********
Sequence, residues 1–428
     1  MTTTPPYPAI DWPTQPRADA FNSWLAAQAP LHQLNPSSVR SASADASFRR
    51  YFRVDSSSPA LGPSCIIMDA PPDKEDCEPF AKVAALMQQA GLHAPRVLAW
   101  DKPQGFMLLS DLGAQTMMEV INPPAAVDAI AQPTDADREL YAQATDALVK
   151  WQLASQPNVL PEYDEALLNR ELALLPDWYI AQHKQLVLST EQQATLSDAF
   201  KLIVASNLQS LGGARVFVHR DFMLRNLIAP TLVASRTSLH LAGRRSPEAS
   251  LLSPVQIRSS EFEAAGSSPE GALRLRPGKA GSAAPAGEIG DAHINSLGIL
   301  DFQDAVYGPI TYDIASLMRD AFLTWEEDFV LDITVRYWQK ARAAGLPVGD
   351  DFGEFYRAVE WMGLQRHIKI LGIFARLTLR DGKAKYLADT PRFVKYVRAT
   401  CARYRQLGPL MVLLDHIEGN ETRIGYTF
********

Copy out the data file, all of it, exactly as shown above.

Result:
Sequence, residues 1–428
     1  MTTTPPYPAI DWPTQPRADA FNSWLAAQAP LHQLNPSSVR SASADASFRR
    51  YFRVDSSSPA LGPSCIIMDA PPDKEDCEPF AKVAALMQQA GLHAPRVLAW
   101  DKPQGFMLLS DLGAQTMMEV INPPAAVDAI AQPTDADREL YAQATDALVK
   151  WQLASQPNVL PEYDEALLNR ELALLPDWYI AQHKQLVLST EQQATLSDAF
   201  KLIVASNLQS LGGARVFVHR DFMLRNLIAP TLVASRTSLH LAGRRSPEAS
   251  LLSPVQIRSS EFEAAGSSPE GALRLRPGKA GSAAPAGEIG DAHINSLGIL
   301  DFQDAVYGPI TYDIASLMRD AFLTWEEDFV LDITVRYWQK ARAAGLPVGD
   351  DFGEFYRAVE WMGLQRHIKI LGIFARLTLR DGKAKYLADT PRFVKYVRAT
   401  CARYRQLGPL MVLLDHIEGN ETRIGYTF